What you need docker for

What is docker

Everybody has heard about Docker. Not everyone might know that Docker was created by Docker Inc. Although it made sense when the Docker technology was created (in 2013), it still confounds people to this day.

A not so silent revolution

Back in 2013, when Docker was launched, it sent shockwaves through the entire dev community. It made everything we knew about development and shipping crumble. In a world where Heroku seemed the next big tech giant, it made Heroku pail in comparison. It took concepts that had been available in the Unix worlds for several decades (namespaces and control groups) and used them to allow independent applications to run close to each other and without caring on dependencies on the underlying hardware and OS.

But what does Docker actually do?

Docker explained

Docker builds on a key feature of the Linux feature, the LXC, which provides namespace segregation and control groups allowing to create a shippable package (a container) that runs as an independent process in the target machine. This is the killing feat that Docker brought to the world: it allows to define a package without having to care about how it will be run. It gives you guarantees in terms of process isolation, the ability for this package to see and communicate with other packages, the tools to build new packages, execute them, and manage their lifecycle.

What's the docker stack

People tend to mix up Docker with containers. Docker is one way of building containers (being fair to Docker, it was what made containers accessible to a greater audience), but it's nor the only way, nor the only piece of software involved in doing it.

The act of dealing with the low level components (creating and running containerized processes) that Docker is usually tributed with, is actually performed by a lesser known component known as runc.

There is then an additional layer built on top of runc, containerd, which allows handling networking and storage, deals with the images lifecycle and, through runc, run the containers.

What does docker bring then? It allows running containerd commands via a developer friendly command interface.

That's it? Does Docker still matter at all?

Looking at this landscape, it might seem that Docker nowadays is not that relevant as it was. And it's true, Docker is not the cornerstone technology it used to be. But what has changed? To answer this, we need to understand how Docker operates.

Docker architecture

The high level Docker architecture is:

Docker architecture
Docker architecture

In a typical scenario, where the container is launched:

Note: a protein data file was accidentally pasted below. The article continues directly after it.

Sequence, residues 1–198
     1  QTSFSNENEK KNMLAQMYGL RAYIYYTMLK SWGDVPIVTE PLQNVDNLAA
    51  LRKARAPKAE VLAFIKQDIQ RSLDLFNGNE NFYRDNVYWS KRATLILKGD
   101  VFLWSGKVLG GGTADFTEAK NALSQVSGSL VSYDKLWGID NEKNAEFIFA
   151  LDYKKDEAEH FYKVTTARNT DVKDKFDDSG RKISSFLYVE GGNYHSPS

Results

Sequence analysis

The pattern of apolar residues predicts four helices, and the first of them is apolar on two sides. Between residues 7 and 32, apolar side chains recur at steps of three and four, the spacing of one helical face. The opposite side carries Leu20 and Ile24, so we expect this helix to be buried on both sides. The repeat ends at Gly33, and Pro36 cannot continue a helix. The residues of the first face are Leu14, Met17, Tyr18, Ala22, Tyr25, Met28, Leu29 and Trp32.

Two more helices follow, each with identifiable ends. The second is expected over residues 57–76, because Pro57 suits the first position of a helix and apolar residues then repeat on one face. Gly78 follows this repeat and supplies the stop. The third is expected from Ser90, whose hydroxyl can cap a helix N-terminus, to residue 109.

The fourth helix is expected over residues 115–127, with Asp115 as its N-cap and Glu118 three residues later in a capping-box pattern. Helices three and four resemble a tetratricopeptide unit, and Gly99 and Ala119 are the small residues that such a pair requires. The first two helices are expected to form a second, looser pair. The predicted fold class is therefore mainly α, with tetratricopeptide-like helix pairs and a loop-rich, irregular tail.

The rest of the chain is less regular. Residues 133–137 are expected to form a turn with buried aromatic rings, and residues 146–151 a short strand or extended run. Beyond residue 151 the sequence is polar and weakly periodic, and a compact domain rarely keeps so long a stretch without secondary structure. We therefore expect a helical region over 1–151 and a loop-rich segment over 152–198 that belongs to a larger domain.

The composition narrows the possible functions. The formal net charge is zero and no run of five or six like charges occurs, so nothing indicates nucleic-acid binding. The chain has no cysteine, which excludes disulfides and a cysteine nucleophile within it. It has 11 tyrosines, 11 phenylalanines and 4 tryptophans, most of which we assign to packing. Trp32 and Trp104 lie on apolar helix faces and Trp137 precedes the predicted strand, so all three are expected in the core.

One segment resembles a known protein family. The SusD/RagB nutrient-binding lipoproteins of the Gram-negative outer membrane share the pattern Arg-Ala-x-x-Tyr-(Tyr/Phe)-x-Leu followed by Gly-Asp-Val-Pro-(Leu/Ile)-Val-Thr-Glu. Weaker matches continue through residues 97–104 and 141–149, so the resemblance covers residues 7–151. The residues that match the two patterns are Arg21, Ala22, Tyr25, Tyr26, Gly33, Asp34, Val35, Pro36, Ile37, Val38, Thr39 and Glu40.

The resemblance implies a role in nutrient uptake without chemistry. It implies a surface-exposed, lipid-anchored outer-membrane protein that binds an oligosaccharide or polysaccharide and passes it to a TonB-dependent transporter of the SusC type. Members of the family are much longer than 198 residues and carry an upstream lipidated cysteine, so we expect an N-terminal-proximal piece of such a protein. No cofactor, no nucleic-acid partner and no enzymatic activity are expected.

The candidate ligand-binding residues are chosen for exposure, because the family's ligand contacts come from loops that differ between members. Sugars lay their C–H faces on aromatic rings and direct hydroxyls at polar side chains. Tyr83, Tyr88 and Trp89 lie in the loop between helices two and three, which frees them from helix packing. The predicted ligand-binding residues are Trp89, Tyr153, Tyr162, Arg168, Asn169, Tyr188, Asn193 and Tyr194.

1. Docker creates the container from an image, and calls containerd
  2. Containerd calls containerd-shim, asking it to run the container
  3. Containerd calls runc, asking it to run the container
  4. Runc runs the container

What is containerd-shim? containerd-shim is acting as the middle manager between for all communication between the container manager (containerd) and the container runtime (runc) providing key features to each:

  • it allows the container runtime to survive a container manager restart
  • it shields the container manager from specificities of the container runtime (e.g. propagating the exit and error code of running containers and keeping a container's stdin to allow attaching to the container)

How were these components created? And by whom?

If we start digging deeper, we will see that containerd was donated to the open source community by Docker. This means that Docker (the company) decided to extract part the technology it built to make it an independent open source software. This means that without Docker, there wouldn't be a containerd.

What about runc? Well, it turns out that Docker donated its own runtime to the Open Container Initiative (OCI) which served as the basis for runc.

Why did Docker give up on it's key components?

Docker claimed it did it to ensure that both runc and containerd had the opportunity to be developed independently, without any specific influence from any particular company. Personally, I think this has been a strategic decision from the Docker Inc. team to allow:

  1. two technologies that Docker relies on to be maintained by the community (hence removing the need of Docker investing a substantial amount of development time on them)
  2. spread the usage of runc and containerd (by having more projects depend on them), hence making the docker stack the de facto standard

I believe both (alleged) goals were achieved, but in doing so Docker Inc. lost the upper hand on the virtualization ecosystem.

Docker centrality

Over the years, some critics have been raised on the Docker container implementation.

This lead to alternative ways of defining, building and managing containers. The most successful alternative has probably been RKT (now defunct).